EP3024107A1 (en) * 2014-11-19 2016-05-25 Danfoss A/S A method for operating at least one distributed energy ressource comprising a refrigeration system
CA2923930A1 (en) 2015-03-19 2016-09-19 Battelle Memorial Institute Primary frequency control through simulated droop control with electric loads
CA2925977A1 (en) 2015-04-07 2016-10-07 Michael A. Jones Cold load pickup support through local condition detection
US9954363B2 (en) 2015-04-24 2018-04-24 Battelle Memorial Institute Whole house and power system analysis via grid connected appliance
US20180189899A1 (en) * 2015-07-01 2018-07-05 University Of Florida Research Foundation, Inc. Using loads with discrete finite states of power to provide ancillary services for a power grid
US9991707B2 (en) 2015-07-24 2018-06-05 Battelle Memorial Institute Aggregate Load Controllers and Associated Methods
CA2993611A1 (en) * 2015-07-24 2017-02-02 Battelle Memorial Institute Aggregate load controllers and associated methods
US10126338B2 (en) 2015-12-30 2018-11-13 Advanced Digital Broadcast S.A. System and methods for adaptive power consumption based on source impedance
NL2016935B1 (en) * 2016-06-10 2018-01-16 Peeeks B V Method and device for controlling at least one electric apparatus
WO2018011621A1 (en) * 2016-07-15 2018-01-18 Barghest Building Performance Pte. Ltd. Method for improving operational efficiency of a cooling system through retrofitting a building with a master controller

Citations (209)

* Cited by examiner, † Cited by third party
Publication number Priority date Publication date Assignee Title
US4360849A (en) 1981-03-04 1982-11-23 Rte-Asea Corporation Power distribution system
US4954945A (en) 1986-03-29 1990-09-04 Kabushiki Kaisha Toshiba Processor-selection system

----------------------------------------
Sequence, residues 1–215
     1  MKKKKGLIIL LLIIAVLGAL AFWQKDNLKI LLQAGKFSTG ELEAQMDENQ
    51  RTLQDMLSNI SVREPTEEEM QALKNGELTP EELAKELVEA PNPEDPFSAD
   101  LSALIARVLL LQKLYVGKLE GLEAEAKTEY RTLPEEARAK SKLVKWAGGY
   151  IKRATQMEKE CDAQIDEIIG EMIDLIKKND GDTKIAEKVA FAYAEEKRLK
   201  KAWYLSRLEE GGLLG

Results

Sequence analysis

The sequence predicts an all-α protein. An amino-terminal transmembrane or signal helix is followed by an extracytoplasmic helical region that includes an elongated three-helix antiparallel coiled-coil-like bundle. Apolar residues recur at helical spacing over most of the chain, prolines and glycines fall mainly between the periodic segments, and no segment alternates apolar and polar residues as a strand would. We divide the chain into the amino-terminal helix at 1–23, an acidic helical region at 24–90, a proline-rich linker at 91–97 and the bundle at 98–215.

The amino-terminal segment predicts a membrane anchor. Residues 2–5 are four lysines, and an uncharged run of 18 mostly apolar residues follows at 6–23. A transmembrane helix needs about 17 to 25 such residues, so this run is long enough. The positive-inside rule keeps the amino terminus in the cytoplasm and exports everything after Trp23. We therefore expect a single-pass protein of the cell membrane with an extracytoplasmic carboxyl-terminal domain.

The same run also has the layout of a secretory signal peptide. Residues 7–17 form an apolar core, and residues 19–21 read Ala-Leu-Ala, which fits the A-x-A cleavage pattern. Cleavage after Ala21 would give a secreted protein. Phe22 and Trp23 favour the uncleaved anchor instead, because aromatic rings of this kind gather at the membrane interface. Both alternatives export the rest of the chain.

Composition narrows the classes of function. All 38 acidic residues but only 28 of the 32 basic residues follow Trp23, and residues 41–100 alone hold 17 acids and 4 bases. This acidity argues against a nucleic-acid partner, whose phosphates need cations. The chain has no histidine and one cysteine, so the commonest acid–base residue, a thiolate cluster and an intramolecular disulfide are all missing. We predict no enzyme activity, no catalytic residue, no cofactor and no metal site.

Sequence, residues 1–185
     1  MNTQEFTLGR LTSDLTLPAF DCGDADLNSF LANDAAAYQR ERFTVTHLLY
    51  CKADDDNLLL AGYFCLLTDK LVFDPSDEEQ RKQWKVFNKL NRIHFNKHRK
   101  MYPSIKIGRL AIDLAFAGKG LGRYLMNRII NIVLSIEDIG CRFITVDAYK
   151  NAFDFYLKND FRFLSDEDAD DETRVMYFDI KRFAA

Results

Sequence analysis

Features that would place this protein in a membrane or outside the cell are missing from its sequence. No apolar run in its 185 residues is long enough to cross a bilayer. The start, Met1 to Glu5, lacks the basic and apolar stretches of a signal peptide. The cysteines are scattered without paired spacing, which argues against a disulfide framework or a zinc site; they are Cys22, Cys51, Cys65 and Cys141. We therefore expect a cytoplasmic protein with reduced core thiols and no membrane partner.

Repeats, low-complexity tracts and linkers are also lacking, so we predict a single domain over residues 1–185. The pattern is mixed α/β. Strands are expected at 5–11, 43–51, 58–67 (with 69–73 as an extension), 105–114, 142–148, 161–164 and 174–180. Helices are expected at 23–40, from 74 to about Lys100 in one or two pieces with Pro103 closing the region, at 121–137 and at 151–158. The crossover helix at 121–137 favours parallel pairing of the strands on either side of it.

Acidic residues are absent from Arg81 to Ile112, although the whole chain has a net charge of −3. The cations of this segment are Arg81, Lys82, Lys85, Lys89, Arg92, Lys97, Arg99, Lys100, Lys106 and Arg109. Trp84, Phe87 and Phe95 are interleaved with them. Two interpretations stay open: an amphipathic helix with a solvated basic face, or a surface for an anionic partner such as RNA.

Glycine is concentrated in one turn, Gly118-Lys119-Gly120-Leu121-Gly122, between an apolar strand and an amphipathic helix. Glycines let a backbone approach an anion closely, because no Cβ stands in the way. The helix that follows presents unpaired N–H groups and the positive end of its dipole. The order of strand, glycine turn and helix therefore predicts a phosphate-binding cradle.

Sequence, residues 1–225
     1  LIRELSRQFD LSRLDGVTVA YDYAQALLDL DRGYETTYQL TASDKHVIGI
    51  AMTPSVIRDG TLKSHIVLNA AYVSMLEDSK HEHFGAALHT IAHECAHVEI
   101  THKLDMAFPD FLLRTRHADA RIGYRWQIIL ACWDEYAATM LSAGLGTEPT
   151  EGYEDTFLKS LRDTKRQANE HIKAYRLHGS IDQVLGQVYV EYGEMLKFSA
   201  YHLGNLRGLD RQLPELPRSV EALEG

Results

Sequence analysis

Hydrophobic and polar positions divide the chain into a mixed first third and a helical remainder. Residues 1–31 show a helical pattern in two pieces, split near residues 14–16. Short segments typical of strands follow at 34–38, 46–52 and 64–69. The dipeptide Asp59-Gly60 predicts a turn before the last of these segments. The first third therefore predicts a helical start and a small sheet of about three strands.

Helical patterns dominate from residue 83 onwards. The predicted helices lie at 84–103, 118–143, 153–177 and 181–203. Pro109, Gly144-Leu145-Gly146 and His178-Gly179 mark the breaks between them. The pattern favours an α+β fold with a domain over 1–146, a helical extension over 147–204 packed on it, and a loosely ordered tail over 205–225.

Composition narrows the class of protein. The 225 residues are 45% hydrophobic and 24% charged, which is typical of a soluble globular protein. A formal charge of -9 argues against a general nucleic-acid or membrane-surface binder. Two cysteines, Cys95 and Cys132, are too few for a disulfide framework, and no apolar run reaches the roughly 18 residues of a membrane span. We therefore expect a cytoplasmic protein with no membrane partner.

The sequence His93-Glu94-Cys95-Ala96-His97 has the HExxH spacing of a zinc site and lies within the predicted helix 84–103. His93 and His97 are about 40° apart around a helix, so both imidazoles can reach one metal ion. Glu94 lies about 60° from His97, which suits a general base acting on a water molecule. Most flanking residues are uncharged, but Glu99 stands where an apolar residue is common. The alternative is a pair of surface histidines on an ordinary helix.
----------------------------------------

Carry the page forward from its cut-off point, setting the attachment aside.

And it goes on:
US5119014A (en) 1991-03-05 1992-06-02 Kronberg James W Sequential power-up circuit
US5339445A (en) 1992-11-16 1994-08-16 Harris Corporation Method of autonomously reducing power consumption in a computer sytem by compiling a history of power consumption
US5432947A (en) 1992-05-22 1995-07-11 Sharp Kabushiki Kaisha Power control technique for a computer system to provide adjustable storage and non-storage access times and an adjustable processor idle time
US5458991A (en) 1993-05-19 1995-10-17 Sl Waber, Inc. UPS with auto self test
US5552640A (en) 1993-09-17 1996-09-03 British Gas Plc Electrical power generating arrangement with computer control for varying engine speed as a function of load demand
US5579522A (en) 1991-05-06 1996-11-26 Intel Corporation Dynamic non-volatile memory update in a computer system
US5694607A (en) 1994-12-22 1997-12-02 Intel Corporation System power consumption tracking and reporting
US5694307A (en) 1996-09-30 1997-12-02 Alliedsignal Inc. Integrated AC/DC and DC/DC converter
US5828568A (en) 1994-05-09 1998-10-27 Canon Kabushiki Kaisha Information processing apparatus, processing method thereof, and power supply control method therefor
US5844884A (en) 1996-04-25 1998-12-01 Nokia Mobile Phones Limited Battery monitoring
US5856776A (en) 1993-11-24 1999-01-05 Remote Metering Systems, Ltd. Method and apparatus for signal coupling at medium voltage in a power line carrier communications system
US5952617A (en) 1996-04-19 1999-09-14 Jersey Central Power & Light Company Power transformer and coupling means